We all had dinner in the excellent Restaurant les Combarelles. The proprietor, Didier, had agreed that it was OK to bring dogs, but was perhaps a little taken aback when we rocked up with 4…!
We ate outside in the balmy evening air and I must admit, for a set menu of 20 Euros, I have rarely tasted better food! I had scallop kebabs to start and Magret of Duck – slices of rare duck with crispy, bacon flavoured skin in a creamy peppercorn sauce served with a timbale of root vegetables. I can still taste it now! Pink slices of duck melting on my tongue. I had a small local baked cheese roundel with honey and walnuts to finish. Mark had a cassoulet and sticky toffee pud. We are on a budget, so this is the first meal out that we have had since we came away. It really was a treat and so lovely to share it with our dear friends who, like us, are starting a new life. We raised a toast to living our dreams!
Like many of the buildings in the area, the restaurant is built into the cliff. Didier explained to us that the farmers all used to help each other with building. They would put wedges of wood into cracks in the rock in the winter. These would expand as they got wet or froze. This broke off the stone – and when they had amassed enough loose stone, they would build! I am not sure if it is strictly the freeze-thaw process, but I might allow it as that so that I can mention it for a second time…
The freeze-thaw process is something that I learnt about at school – water gets into cracks in rocks, expands as it freezes and thus breaks up the rock. I have seen it in action only once – and remarkably, this was not in the mountains. Rather, it was in the Mad House where we used to live – and about which I will probably write one day – since it was an experience that was frequently very much stranger than fiction!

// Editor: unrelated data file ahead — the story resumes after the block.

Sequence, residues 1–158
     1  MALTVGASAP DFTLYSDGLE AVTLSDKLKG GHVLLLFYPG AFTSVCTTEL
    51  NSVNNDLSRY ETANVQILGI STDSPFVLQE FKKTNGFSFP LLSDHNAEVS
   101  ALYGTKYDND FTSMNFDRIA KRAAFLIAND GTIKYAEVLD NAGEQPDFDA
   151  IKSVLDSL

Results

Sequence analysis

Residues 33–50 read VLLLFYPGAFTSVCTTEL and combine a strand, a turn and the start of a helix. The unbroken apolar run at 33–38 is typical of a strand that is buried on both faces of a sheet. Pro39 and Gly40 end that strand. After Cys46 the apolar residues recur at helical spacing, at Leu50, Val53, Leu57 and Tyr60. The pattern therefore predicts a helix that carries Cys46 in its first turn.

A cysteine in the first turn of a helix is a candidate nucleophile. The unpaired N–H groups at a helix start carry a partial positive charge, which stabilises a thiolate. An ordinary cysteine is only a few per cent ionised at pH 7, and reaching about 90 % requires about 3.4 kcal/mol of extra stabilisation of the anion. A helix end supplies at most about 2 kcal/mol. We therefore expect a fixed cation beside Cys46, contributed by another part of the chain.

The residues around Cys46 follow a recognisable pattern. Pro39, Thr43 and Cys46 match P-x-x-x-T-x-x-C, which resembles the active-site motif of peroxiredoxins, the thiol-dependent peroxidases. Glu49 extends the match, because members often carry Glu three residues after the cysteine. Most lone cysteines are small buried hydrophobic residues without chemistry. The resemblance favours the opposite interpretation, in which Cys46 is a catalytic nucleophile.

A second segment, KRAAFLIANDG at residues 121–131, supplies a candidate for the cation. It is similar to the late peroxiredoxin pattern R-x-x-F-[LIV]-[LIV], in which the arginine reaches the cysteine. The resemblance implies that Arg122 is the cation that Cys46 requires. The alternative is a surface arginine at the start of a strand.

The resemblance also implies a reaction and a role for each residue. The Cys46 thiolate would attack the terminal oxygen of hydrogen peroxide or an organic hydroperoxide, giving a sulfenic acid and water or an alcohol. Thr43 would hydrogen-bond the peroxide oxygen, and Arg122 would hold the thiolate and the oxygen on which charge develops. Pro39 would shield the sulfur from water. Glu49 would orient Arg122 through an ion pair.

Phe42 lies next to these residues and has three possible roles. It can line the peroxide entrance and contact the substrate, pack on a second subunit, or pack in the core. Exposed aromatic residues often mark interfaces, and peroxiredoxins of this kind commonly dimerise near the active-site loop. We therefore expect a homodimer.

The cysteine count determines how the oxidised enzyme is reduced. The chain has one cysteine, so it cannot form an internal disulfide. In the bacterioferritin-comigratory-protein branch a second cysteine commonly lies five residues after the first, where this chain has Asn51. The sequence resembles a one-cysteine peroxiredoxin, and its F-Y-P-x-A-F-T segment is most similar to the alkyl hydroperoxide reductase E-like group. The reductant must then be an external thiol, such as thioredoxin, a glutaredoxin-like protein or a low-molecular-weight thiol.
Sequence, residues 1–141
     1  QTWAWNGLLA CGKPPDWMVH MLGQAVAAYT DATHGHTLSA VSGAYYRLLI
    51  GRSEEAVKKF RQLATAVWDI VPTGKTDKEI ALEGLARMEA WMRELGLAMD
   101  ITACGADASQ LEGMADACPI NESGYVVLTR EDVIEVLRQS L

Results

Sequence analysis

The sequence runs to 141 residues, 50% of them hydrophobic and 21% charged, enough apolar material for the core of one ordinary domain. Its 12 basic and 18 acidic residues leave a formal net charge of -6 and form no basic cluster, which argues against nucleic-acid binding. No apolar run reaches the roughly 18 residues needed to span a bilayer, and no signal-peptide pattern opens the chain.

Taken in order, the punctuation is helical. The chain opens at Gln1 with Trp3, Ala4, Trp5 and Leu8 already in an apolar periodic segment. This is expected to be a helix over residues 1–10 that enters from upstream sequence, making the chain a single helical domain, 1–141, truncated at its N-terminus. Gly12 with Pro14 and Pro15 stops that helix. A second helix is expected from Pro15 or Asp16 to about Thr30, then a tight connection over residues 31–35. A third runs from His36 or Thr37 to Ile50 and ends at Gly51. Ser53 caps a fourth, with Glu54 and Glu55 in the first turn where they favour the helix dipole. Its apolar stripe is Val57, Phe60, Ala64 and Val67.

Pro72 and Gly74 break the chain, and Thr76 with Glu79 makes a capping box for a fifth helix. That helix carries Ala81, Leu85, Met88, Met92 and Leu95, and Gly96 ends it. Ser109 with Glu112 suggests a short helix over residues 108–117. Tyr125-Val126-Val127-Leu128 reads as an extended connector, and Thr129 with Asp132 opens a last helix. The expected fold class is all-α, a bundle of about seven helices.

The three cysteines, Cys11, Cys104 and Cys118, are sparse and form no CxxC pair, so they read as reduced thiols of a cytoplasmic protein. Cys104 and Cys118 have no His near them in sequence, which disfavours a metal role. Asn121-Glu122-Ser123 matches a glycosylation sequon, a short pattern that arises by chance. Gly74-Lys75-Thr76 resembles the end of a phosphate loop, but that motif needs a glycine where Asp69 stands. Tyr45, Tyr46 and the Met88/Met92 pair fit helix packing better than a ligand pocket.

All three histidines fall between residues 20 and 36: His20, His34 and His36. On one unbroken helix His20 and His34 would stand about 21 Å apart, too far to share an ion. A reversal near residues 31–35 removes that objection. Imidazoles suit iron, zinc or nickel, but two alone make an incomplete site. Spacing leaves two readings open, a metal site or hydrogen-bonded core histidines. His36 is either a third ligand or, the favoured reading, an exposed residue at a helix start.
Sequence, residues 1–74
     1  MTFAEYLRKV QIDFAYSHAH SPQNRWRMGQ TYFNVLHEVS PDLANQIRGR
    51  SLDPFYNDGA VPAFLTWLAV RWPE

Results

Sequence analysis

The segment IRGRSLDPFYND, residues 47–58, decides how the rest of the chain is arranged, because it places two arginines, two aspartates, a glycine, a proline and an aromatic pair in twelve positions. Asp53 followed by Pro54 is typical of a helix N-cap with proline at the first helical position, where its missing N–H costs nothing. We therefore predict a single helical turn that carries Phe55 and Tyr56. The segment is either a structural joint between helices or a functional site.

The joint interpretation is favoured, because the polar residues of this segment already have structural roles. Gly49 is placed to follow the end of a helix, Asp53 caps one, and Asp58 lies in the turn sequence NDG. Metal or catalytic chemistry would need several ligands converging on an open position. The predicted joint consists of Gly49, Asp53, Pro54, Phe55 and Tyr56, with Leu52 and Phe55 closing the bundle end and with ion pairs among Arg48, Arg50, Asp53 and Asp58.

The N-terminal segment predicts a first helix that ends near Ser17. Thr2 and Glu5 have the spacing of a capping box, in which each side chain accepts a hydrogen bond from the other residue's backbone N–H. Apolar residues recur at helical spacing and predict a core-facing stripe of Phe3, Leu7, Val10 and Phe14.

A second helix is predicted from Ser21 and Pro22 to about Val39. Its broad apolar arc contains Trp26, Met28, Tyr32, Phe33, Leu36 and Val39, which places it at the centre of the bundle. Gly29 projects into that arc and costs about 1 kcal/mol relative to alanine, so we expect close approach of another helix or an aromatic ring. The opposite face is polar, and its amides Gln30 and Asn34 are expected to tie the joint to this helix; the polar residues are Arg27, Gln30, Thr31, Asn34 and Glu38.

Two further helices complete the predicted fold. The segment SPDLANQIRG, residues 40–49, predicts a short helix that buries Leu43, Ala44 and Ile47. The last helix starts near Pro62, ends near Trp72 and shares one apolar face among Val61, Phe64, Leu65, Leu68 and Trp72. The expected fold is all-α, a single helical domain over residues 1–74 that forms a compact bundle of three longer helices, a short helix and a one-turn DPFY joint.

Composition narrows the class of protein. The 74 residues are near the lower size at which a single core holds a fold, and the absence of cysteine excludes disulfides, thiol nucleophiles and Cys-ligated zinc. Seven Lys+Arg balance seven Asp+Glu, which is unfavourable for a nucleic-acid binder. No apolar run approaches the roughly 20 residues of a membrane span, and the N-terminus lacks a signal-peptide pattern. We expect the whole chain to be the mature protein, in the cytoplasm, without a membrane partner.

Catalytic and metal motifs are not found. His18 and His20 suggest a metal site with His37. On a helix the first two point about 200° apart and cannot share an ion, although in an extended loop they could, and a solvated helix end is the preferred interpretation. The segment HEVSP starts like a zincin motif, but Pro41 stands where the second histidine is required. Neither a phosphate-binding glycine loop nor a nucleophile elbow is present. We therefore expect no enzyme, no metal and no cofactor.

During dinner with friends, we heard a large crash. Following a couple of harsh winters, the stone coping around our roof had given up its 400 year battle with gravity. Our dinner guests were slightly bemused by my reaction to the partial collapse of our home. I was overjoyed – I love science in action and it’s not every day that you get to witness the freeze-thaw process first hand!
Lani scratched at the door in the middle of the night. It was a warm, clear night and the stars were truly beautiful. I could see the Milky Way like a diaphanous swag across the sky, while the cliffs of Les Eyzies were illuminated like a magical city. Although Lani got me up 3 times in the night and I felt like a zombie, I was so pleased to have witnessed such a magical spectacle!
We couldn’t get a week at the campsite as it was booked up. This was a shame, as they had a special offer of 7 nights for 6. We had only paid 15 Euros per night for the 3 nights that we had stayed. It was one of the cheapest sites yet – and certainly one of the best!
It was raining lightly in the morning, which was an incredible relief after the mid-30C heat. We walked the dogs on the river and decided to move on.
We elected to head for the coast. We can’t deny that we are really rather excited about the prospect of going back to the seaside!
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- Dordogne Attractions – The Telegraph
- Travelling with Dogs in the Dordogne – the Dordogne is extremely dog friendly!